Brutal, brilliant Canelo Álvarez is a champion of fascinating contrasts | Donald McRae


Saúl “Canelo” Álvarez was so certain he would beat Caleb Plant and become the first undisputed world super-middleweight champion on Saturday night that he began the week wearing blue silk pyjamas as he stepped off his private jet when he landed in Las Vegas last Monday. The world’s best boxer then posted a photograph of himself in his fetching outfit and, on Twitter, he asked: “You ready Vegas?

By Saturday night a significant corner of this gaudy old gambling town had whipped itself into a frenzy and, in the process, proved it was more than ready for a particularly raucous Mexican party.

Álvarez, as relaxed outside the ring all week as he was vicious between the ropes at the MGM Grand Arena, provided a fascinating study in contrast. He had spent most of Wednesday night playing poker with Eddie Hearn and Frank Smith, the head of boxing at Matchroom Sport, the Essex promotional company which had staged his previous fight, against Billy Joe Saunders, at the Dallas Cowboys Stadium in May. Apart from setting a new record attendance for an indoor boxing promotion in America, with 73,126 fans crammed into that arena, the fight had such a savage ending that Saunders was taken to hospital in an ambulance. His orbital bone had been shattered by an uppercut from Álvarez.

A similar fate awaited the skilful and valiant Plant, who was knocked down heavily twice, and then counted out, before he was also taken to hospital in Las Vegas for a precautionary examination. In the 11th round a shuddering left hook from Álvarez made Plant buckle. He stumbled towards Álvarez who simply pushed him back so that he would have the space and leverage to land an uppercut almost as crushing as that which ruined Saunders. Plant was resilient enough to get up but he was hurt even more badly as Álvarez closed the show. It was the distressingly violent ending the Mexican had promised all week because the buildup between him and Plant had become embittered and personal.

“Caleb is a good fighter,” Álvarez said in the ring afterwards. “I have a lot of respect for Caleb Plant. He was a difficult opponent with a lot of ability and I told him there’s no shame. We had a great fight tonight. He was making the fight pretty difficult, but Eddy Reynoso [his trainer] told me to just stick to the gameplan in the last two rounds. In the end, I got him. That’s the way it had to finish. He was already hurt and I went for the kill.”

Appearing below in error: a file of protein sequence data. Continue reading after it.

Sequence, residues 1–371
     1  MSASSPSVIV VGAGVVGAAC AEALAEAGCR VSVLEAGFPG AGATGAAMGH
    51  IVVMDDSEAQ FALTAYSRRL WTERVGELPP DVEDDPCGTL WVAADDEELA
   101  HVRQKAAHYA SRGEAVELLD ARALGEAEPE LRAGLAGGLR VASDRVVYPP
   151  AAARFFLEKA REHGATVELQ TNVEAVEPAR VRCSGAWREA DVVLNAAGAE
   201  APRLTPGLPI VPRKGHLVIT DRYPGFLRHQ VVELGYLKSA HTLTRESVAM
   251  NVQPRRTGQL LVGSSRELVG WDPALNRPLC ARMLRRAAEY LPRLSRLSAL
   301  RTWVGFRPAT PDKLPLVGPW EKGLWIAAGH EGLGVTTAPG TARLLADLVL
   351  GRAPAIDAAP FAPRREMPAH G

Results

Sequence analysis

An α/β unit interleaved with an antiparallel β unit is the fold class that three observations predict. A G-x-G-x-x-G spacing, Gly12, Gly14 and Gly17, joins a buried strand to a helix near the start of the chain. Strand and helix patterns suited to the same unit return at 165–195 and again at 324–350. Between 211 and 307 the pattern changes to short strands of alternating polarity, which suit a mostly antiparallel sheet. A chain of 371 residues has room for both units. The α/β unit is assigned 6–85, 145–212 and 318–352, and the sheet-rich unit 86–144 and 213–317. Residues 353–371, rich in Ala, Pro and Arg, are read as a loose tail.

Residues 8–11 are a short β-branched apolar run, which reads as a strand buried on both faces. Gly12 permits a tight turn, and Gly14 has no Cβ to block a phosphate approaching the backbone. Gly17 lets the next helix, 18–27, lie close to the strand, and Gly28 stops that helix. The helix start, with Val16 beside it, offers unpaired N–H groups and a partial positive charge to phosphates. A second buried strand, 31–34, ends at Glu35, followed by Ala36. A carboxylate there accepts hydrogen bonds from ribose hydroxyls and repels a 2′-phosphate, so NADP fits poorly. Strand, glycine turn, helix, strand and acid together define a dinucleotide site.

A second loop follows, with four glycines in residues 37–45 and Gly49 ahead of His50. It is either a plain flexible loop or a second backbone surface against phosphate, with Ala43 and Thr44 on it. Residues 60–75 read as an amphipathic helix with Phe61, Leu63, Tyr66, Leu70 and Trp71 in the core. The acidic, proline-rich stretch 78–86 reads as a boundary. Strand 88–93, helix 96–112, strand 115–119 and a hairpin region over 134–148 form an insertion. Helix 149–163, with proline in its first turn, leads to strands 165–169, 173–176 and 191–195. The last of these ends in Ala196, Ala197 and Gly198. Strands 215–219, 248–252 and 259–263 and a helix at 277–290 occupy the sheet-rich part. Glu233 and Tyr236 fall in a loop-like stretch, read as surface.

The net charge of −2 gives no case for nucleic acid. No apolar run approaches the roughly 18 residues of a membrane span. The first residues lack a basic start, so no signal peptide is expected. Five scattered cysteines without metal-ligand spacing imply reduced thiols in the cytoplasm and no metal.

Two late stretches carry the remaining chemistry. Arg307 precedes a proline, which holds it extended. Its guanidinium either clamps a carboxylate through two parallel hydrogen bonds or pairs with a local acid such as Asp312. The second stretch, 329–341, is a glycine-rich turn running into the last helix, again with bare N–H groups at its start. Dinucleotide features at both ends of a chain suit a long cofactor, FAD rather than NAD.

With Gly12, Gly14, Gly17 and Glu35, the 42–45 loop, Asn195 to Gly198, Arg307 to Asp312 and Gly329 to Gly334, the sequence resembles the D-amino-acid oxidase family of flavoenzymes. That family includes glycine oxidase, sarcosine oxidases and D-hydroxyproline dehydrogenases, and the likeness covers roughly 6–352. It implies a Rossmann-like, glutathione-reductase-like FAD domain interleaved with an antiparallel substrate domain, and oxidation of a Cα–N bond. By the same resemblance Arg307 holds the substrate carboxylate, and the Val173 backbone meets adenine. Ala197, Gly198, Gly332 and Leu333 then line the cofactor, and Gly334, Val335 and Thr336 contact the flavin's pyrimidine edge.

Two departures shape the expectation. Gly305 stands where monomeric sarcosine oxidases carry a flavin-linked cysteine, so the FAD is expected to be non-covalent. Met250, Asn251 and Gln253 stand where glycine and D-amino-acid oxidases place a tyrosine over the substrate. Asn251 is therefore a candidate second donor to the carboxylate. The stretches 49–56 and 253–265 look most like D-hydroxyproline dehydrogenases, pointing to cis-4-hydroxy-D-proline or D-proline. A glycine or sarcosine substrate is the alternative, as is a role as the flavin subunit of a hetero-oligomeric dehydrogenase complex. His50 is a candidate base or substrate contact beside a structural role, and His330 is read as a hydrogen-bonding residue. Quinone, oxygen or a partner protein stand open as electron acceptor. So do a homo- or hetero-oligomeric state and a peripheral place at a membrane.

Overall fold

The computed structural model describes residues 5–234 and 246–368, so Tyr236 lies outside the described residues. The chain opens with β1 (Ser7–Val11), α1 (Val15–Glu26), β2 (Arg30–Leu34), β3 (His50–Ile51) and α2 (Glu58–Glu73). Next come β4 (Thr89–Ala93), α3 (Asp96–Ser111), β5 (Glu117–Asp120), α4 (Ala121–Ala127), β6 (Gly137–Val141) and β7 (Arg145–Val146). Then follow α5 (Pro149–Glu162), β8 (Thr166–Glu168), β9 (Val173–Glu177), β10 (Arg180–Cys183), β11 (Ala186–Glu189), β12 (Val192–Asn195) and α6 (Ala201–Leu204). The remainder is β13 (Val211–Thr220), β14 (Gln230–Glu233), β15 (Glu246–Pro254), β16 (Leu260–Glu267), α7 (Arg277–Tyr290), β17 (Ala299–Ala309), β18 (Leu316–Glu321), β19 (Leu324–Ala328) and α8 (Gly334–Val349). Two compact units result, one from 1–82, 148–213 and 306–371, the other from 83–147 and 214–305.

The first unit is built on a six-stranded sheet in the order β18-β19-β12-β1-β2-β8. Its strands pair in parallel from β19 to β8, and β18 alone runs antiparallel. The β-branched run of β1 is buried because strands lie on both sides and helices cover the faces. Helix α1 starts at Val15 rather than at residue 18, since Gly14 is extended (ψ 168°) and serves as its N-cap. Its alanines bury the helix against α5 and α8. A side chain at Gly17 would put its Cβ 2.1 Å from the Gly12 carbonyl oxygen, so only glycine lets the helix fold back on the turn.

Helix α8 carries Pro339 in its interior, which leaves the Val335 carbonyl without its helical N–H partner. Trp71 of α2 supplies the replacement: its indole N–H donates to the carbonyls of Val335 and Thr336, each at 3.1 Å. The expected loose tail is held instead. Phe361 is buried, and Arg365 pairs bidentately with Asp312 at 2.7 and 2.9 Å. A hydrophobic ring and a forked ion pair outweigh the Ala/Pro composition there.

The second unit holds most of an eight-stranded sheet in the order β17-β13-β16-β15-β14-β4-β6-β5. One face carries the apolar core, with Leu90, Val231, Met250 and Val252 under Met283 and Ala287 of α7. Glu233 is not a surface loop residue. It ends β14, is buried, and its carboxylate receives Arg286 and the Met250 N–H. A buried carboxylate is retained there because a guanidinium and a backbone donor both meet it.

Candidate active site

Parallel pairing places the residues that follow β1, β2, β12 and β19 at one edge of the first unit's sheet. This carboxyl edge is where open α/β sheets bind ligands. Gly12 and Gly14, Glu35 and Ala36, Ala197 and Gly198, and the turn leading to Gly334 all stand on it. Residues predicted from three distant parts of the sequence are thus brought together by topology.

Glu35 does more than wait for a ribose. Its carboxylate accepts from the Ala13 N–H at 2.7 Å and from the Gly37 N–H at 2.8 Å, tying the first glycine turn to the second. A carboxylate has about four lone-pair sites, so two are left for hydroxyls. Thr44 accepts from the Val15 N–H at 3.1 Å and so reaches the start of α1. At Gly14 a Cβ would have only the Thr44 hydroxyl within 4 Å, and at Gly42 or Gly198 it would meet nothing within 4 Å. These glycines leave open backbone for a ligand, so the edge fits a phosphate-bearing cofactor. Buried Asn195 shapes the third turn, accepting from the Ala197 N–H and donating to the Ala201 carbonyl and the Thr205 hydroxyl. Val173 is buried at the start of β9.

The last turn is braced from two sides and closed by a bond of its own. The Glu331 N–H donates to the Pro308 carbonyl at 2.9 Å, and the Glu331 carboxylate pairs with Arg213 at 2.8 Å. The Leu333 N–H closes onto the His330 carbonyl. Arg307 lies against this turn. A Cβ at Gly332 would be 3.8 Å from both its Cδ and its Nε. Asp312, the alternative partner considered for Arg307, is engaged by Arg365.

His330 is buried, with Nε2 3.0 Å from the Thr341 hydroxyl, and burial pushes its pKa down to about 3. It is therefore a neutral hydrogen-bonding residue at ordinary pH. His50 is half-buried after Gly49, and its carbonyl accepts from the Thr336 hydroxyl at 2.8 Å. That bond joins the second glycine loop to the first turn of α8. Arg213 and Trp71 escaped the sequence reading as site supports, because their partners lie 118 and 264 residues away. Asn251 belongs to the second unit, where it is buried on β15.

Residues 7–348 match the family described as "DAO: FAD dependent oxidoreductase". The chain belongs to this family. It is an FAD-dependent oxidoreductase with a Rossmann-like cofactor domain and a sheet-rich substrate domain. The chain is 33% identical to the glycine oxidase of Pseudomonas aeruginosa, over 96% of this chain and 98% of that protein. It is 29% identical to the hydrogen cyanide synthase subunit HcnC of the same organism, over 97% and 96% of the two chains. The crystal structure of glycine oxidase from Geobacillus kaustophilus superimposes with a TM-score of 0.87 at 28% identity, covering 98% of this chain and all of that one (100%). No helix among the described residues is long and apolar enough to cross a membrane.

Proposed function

Álvarez forces Caleb Plant on to the ropes during their bout in Las Vegas.
Álvarez forces Caleb Plant on to the ropes during their bout in Las Vegas. Photograph: Caroline Brehman/EPA

Yet the new undisputed champion spent a sizeable chunk of his post-fight press conference praising Plant’s performance and explaining why they had spent so long embracing and talking softly to each other in the centre of the ring after the bout. “I told him he was a great man and also that some day I hope he will have a great family as well. In the fight we have to hurt each other but at the end we’re all human and we want the best for each other.”

There are shifting themes of brutality and vulnerability here – which are different to the sheer certainty of Álvarez before and during his every fight. Before he met Plant in the ring he had ordered two flamboyant jackets for him and Reynoso. Apart from the extravagant design and kitsch patterns, the jackets were most eye-catching because of the message stitched on their backs: Undisputed Super-Middleweight Champion 2021. They spoke of the conviction that Álvarez carries into the ring with him every time.

After winning four world title bouts in the space of the last 11 months, Álvarez said that his body needs a break from the rigours of training and fighting with such intensity. He will only return to the ring next May and, while he stressed that he has yet to decide whether he will defend his super-middleweight titles or move up to the light-heavyweight division, the most compelling fight for Álvarez is obvious.

Artur Beterbiev, the IBF and WBC light-heavyweight champion from Russia, is routinely described as a beast. But it is hard to believe that even Beterbiev could beat Álvarez who has already traded in such heavier terrain. Two years ago, in September 2019, Álvarez won the WBO light-heavyweight title when he beat Sergey Kovalev – another feared but now faded Russian who operates under the alias of Krusher. Álvarez was tested but he ended up stopping Kovalev before deciding to return to the super-middleweight bracket.

“I love challenges and whatever comes my way I’ll be ready for it,” he stressed late on Saturday night. “I’m looking for the best fights but it’s always important to defend your titles. But I really don’t have a timescale for sitting down with my team and thinking about it. Right now I’m just enjoying the moment. It was a truly historic night and I’m so proud to be part of it. At the moment I just want to enjoy this victory because it is really meaningful. We will then have time to think about the future.”

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It is part of the contradiction at the heart of Álvarez that, after the destructive way in which he ended the courageous challenge of Plant, he now will spend time pondering his next set of designer pyjamas. The harsh reality of the ring means that it cannot last forever but, at least for now, no one else in boxing is quite as relaxed, authoritative and distinctive as Saúl ‘Canelo’ Álvarez.





Read More: Brutal, brilliant Canelo Álvarez is a champion of fascinating contrasts | Donald McRae

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